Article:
We visited Maeve's newest brother, Quinn Kane.  Ella was beyond thrilled to be able to hold a real live baby.  She and Maeve tried to put him in a doll dress before Sharon put a stop to it.

We had a very lovely dinner catching up with old San Francisco friends, Amy and Thor (who also coincidentally have a son named Quinn), who were visiting New York without children.  It was really nice to catch up with them and talk travel, education, living in New York.

We made a pit stop at The Museum of Natural History in between classes to check out the Nature's Fury exhibit for a second time now that both kids are studying geology and landforms.  And since it was the middle of a Tuesday and we had the museum to ourselves and we weren't in a hurry to get back out into the freezing cold, we also watched their newest 3D IMAX film, Tiny Giants, which "follows the titanic challenges that small animals face as they make their way in a much bigger world."  Beyond adorable.

I think we were all happy to get back to our regular routine this week, which for this semester in addition to our regular curriculum at home includes:

Mondays: Computer Programming class
Tuesdays: Creative Writing class and Spanish tutor
Wednesdays: Musical Theater class with Ella's summer camp teachers
Thursdays: Spanish tutor and Cross-Stitch
Fridays: New York History at New York Historical Society and World Mythology at The Met

I'm tired just thinking about it.

cross-stitch and kvetching

But at 7am this morning, I found them outside in their pajamas making a sledding ramp in the back yard.

When life hands you lemons...

Sunday, January 4, 2015


No TV + no internet + no phone service = heaven.

We just spent four days about two and half hours' drive north of the city, near the Massachusetts border, not far from the Berkshires.  We rented a tiny cabin in the woods and were completely cut off from any and all distractions.


After driving past lots of beautiful old homes, all very large and regal, we pulled up to our tiny cabin and Ella said in all seriousness, "Wait, is this a joke?"  It served our needs though and had a nice fireplace and sat on a large piece of land where the kids explored the nearby creek and did some lawn ice skating.

"Skating" on frozen lawn
Bird watching

We played games, did puzzles, read, and slept.  Basically, we recharged.


But since we don't sit still very well, we also explored the nearby areas.  The cabin was ideally situated.  We spent one day exploring the nearby town of Hudson, NY.  I had read about Hudson last year in the Times and have been wanting to visit it ever since.  It's an adorable small town on the Hudson River where Brooklyn hipsters come to unwind.  They have brought with them trendy foods, gourmet cheese shops, artisan beers and coffees, and very cool antique and housewares shops.  We didn't get enough shopping time but did get to hang out for a good spell in the awesome Spotty Dog Books and Ale - a bookstore with a bar in it.  We'll be returning to Hudson when the weather warms up.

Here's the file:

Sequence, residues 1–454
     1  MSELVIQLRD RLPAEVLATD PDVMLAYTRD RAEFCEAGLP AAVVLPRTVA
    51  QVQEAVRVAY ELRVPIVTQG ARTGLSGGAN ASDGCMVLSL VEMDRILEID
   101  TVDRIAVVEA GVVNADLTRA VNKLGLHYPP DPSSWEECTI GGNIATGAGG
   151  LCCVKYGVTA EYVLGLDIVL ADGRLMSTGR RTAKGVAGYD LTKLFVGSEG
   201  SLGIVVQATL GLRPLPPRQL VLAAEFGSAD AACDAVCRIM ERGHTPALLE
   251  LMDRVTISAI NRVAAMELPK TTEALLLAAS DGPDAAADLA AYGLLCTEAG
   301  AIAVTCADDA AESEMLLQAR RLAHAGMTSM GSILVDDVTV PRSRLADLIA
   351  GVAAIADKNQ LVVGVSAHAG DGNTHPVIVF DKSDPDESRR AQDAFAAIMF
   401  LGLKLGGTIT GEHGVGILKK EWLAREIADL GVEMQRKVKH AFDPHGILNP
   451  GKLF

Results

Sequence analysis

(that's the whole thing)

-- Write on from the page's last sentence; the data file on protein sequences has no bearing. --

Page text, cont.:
On New Year's Eve we let the kids stay up until midnight (only one of them succeeded).  We reviewed 2014 and made a list of our accomplishments as a family and individually.  We made another list of goals for 2015.  Traveling and exploring new places was at the top of both lists.

We crossed over the Massachusetts border on New Year's morning and hiked to the top of Monument Mountain.  New Year's Day hikes is a tradition we had in California and we were happy to continue it this year.  My phone happily alerted me after the hike that I had just climbed 44 flights of stairs!

Frozen waterfall

We also made our way through the nearby towns of Great Barrington and Stockbridge, MA.  Stockbridge is the home of Norman Rockwell but unfortunately since it was a holiday, his museum was closed.  We did have a nice lunch in the old Red Lion Inn Tavern though.


The next day the kids finally got to try snowboarding.  We found a small ski park a few minutes drive from the cabin and got them signed up for lessons.  They've been wanting to try it ever since surfing this summer.  I was secretly (or maybe not-so-secretly) hoping they wouldn't like it.  Not only am I not a skier, and don't enjoy hanging out at ski resorts, but it's a really expensive sport to get into.  Their lessons and equipment rental cost more than what I would normally pay for a 6-week art or computer course in the city.  But as you can imagine, they loved it, fake snow and all.

Holden even went back for a second lesson in the afternoon and as I walked up to pick him up he shouted, "I wish I could do that every single day!"  Ella loved it just as much (although she says it's the exact opposite of surfing - apparently you lean forward instead of backward like on a surfboard) but was getting cold so she and I played some more cards and drank hot chocolate while Holden shredded the slopes in the afternoon.

After closing up the cabin we returned to Hudson.  On the banks of the Hudson River is a large estate built by one of the famous Hudson River painters of the mid-19th century, Frederic Church.  He had traveled extensively through the Middle East and built a beautiful Persian style castle he named Olana overlooking the river.  We got to tour the estate and see a lot of his paintings and paintings of his contemporaries.  It really is incredible to see.

As we were leaving we stopped in the gift shop and low and behold, we saw a box of cards for sale painted by none other than Uncle Jack!  Jack Stuppin grew up in the area and returned last year to paint the Hudson River Valley.  His paintings have apparently already been turned into cards.  We hadn't seen those paintings yet so it was pretty exciting to see his box sitting on the shelf.

After a delicious lunch back in Hudson (it's really become a favorite of ours), we made a very slow and long drive home.  The real snow was coming down.  By the time we made it into the city it was just rain though.  Still no snow in the back yard, much to the kids' chagrin.